All rehabilitation programs were customized for the patients in question. However, a distinction was made whether the program was determined by the therapist [19,26,27,29] or by the patients themselves [28]. Smits et al [28] also found that the ability to adapt the therapy to one’s own level of rehabilitation and to select exercises individually offered a high added value and contributed to patients’ autonomy. Likewise, Jung et al [19] and Moorhouse et al [29] corroborated the same findings in their evaluations.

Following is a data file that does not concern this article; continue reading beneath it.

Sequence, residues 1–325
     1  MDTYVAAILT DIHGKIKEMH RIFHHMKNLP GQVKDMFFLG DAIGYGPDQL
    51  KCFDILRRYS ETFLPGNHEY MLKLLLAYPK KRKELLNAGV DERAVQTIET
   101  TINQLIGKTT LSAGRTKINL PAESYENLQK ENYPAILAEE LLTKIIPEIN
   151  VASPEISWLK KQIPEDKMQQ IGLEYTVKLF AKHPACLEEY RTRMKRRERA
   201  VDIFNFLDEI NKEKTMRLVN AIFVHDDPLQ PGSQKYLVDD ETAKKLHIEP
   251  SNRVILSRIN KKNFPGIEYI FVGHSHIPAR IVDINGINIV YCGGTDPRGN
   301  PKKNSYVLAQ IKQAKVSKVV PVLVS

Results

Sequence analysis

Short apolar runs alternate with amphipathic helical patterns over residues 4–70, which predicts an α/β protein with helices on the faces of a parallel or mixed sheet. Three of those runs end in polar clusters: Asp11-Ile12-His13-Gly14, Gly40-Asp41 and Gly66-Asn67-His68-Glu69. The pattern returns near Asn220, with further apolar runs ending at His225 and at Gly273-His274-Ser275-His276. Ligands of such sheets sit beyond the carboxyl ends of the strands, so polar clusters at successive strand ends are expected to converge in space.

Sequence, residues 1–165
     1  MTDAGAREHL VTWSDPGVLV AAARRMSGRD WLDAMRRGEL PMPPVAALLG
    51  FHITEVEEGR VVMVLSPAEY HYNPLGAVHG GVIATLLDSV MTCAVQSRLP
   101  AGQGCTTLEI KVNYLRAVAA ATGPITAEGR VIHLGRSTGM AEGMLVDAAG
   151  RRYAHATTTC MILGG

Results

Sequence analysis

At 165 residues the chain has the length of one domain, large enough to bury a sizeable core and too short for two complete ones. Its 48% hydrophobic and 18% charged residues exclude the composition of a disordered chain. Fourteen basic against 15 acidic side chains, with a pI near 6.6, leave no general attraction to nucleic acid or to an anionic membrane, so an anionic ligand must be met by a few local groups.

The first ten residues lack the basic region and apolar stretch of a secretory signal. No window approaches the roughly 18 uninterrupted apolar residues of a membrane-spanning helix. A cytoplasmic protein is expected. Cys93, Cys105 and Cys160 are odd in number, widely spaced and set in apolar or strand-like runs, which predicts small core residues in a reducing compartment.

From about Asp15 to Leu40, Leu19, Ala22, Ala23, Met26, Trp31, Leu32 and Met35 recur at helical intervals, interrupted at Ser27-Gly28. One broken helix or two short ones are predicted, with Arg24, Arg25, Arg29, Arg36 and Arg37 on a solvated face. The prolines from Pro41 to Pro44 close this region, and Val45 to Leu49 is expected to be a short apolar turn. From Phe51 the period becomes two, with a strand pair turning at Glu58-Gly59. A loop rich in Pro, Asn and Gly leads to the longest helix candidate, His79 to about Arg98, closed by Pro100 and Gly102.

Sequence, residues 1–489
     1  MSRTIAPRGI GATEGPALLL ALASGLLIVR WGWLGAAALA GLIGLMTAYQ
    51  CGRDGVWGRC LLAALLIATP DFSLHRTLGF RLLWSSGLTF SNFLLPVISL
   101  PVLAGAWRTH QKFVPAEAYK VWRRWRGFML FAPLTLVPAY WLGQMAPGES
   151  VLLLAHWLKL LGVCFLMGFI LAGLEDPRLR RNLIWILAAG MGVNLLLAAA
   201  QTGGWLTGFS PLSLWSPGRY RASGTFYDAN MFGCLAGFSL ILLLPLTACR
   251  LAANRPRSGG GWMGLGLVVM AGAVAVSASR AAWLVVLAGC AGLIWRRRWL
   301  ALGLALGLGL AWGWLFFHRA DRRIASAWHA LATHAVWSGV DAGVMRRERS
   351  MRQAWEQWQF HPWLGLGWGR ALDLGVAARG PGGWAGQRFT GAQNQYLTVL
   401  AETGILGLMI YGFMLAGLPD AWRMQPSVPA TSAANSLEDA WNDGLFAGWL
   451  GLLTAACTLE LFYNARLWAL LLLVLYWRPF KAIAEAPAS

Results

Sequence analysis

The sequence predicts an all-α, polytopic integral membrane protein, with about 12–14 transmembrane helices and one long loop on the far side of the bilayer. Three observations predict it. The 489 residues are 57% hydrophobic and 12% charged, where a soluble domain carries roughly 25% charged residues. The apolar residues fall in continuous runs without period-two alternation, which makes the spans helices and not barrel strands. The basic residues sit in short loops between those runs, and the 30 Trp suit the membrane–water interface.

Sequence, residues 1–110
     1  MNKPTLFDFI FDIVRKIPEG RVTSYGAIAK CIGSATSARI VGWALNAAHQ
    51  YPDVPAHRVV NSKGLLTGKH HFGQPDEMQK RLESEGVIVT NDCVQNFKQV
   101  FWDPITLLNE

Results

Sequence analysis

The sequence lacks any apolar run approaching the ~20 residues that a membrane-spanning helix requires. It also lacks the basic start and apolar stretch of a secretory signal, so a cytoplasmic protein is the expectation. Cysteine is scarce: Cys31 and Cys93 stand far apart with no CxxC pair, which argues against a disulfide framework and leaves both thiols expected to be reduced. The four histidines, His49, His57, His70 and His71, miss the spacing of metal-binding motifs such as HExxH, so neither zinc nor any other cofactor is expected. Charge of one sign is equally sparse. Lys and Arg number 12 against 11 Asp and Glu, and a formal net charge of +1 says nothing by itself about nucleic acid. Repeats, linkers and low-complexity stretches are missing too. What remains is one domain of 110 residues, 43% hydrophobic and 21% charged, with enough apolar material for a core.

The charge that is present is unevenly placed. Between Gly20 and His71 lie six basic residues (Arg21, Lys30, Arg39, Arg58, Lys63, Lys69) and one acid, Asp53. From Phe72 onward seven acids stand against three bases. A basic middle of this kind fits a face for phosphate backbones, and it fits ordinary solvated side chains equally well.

In addition to the benefits of VR-assisted respiratory therapy, barriers to VR implementation were described in these studies. First, the potential adverse effects of VR therapy are motion sickness or overextension due to immersion in an interactive virtual environment [25,28]. Motion sickness is a condition characterized by symptoms of nausea, vomiting, and dizziness caused by conflicting sensations related to motion. Motion sickness is commonly experienced when using VR devices, as the immersive nature of VR can create a sensory conflict between the visual input of a virtual environment and the lack of corresponding physical movement [31]. Further, dizziness, headache, or neck pain were among the most frequent reasons for patients to discontinue the studies [25,28]. Second, immersion can also cause anxiety through a realistic representation of an environment that does not match one’s own setting. For example, some patients were afraid of falling while performing the exercises [28]. Third, the VR application was sometimes perceived as overwhelming [25,28]. Smits et al [28] stated the assumption that cognitive impairment as part of long/post-COVID condition may also make the use of VR difficult or impossible for certain patients. This also means that VR-assisted therapy programs should be used individually depending on the condition of each patient. Smits et al [28] therefore recommend a close physiotherapeutic supervision, tracking of training sessions, as well as the monitoring of vital signs. Furthermore, the headset was felt to be too heavy [19,23,29,30].